A cash register can house a reporting function that shows running totals of everyday functions in the store, including the number of customers at certain times of the day and the most popular items either of the day or all time, depending on the category. Using a running total allows retail stores the chance to identify trends among customers and better their operations.
Another common application of running totals is the scoreboards at sporting events. Although you see every point as it hits the board to understand how the end score is calculated, in the end, the final score is the only number that matters. Additionally, the game of cricket, in particular, is a great example of a running total. Each time a player scores a run, it is added to the total. Therefore, the total score is simply a running total or summation of the runs.
If you work in the sales sector, you are likely exposed to various running totals. For instance, if you have a quota, you may be using a running total to keep track of your progress until your quota has been reached. This is also true in other industries such as telecommunications or banking, where the number of sales, new clients, and products sold can relate to job performance.
Managers can use these running totals to evaluate this performance monthly, quarterly or yearly. These running totals can also determine real performance against targets over time. This data can then be used to troubleshoot what is required to change when targets are not met.
One of the top uses of running totals is year-to-date calculations. A year-to-date (YTD) calculation is used to record a certain function or activity (usually financial) from a certain date to the end of the year.
For instance, you may see an array of year-to-date calculations on your pay stubs. This is an example of a running total because it keeps track of the various payments made and taxes collected to give you a final total at the end of each year. These final totals are then transferred onto W-2 forms and used for tax purposes. Year-to-date calculations are also used to calculate rental income, the financial standing of a business or a stock return.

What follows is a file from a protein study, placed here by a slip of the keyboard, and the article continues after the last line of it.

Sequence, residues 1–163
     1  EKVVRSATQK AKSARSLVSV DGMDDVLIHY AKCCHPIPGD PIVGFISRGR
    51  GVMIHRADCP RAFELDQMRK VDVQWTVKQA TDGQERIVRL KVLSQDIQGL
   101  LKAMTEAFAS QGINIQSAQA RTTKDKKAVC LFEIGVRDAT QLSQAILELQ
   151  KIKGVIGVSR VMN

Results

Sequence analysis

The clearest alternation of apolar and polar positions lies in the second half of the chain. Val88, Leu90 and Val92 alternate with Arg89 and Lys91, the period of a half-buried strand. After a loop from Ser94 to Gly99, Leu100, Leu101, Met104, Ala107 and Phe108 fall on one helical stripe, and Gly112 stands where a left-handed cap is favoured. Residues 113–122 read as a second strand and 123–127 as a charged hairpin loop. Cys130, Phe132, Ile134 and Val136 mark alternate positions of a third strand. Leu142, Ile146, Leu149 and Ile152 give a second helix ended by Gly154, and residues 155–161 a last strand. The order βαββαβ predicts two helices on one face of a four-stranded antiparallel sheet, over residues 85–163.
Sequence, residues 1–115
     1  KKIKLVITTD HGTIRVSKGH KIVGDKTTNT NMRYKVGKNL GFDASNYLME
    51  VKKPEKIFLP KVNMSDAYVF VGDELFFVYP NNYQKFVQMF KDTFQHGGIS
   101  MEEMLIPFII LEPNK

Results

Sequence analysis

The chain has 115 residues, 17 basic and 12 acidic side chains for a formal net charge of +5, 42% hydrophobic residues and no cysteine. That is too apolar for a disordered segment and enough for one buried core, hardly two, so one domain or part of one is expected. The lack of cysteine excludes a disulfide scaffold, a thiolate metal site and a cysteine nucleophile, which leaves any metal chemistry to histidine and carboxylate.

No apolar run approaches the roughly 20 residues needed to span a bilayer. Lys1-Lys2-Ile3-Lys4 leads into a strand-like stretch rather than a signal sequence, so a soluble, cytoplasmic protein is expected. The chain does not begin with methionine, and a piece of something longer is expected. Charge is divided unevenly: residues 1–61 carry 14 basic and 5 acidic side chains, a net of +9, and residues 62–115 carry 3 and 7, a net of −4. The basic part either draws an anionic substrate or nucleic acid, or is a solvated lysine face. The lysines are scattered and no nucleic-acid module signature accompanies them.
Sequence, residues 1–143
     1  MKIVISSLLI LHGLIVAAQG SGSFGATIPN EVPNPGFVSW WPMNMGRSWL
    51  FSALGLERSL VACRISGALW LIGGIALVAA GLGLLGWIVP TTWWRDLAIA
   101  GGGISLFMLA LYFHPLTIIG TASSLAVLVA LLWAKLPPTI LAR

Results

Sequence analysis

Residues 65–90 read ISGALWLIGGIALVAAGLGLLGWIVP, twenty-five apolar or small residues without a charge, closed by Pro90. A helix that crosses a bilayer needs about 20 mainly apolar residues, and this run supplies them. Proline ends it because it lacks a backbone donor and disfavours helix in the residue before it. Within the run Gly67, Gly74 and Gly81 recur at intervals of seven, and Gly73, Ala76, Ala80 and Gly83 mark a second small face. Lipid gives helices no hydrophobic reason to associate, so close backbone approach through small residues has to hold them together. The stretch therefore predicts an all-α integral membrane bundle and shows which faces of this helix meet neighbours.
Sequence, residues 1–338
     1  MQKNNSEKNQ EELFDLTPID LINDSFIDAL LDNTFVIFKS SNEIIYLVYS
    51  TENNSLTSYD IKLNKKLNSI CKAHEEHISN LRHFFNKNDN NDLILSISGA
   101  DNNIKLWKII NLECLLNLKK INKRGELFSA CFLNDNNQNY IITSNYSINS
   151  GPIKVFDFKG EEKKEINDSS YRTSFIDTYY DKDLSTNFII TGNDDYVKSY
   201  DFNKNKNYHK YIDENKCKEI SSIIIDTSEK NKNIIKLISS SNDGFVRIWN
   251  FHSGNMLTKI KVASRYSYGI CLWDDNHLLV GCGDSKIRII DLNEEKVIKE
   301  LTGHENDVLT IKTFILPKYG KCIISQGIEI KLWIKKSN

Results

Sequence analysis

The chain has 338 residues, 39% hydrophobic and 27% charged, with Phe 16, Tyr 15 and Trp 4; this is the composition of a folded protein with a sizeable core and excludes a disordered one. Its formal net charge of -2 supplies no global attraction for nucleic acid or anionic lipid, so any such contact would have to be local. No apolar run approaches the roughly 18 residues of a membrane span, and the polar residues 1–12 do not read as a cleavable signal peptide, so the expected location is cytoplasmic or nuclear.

Another common use of running totals is the method a company uses to keep track of inventory. Companies must record the number of items sold and compare that number to how many items they have in stock, so this is an example of a running total. For instance, if you have 1,000 cookies in stock at the beginning of the week, every sale would be subtracted from the overall stock and result in a new total after each transaction.
If you have a job that uses balance sheets, this can also be an example of a running total. Balance sheets can also show you a clear picture of any assets and liabilities at one point in time. Balance sheets allow you to keep an itemized list of things such as expenses. After new items are added, you get a new total.
Your bank statement gives you an itemized list of what is being deposited and paid out every month. After each transaction, you get a new total. When you go online to view your account, you will see your running total.
Ride-sharing companies and delivery services also employ running totals. Given that drivers are often paid by the mile, a running total keeps track of how much a person should be paid. This is also true when creating expense spreadsheets if you have to travel multiple days for work.
Running totals can also be used to count your calories throughout the day or week. People who use a caloric count to lose weight can use an app or create a spreadsheet that allows them to input the calorie count of each meal to calculate days' or weeks' worth of calories ultimately. The app or spreadsheet will start with zero calories and create the running total dependent on what they eat.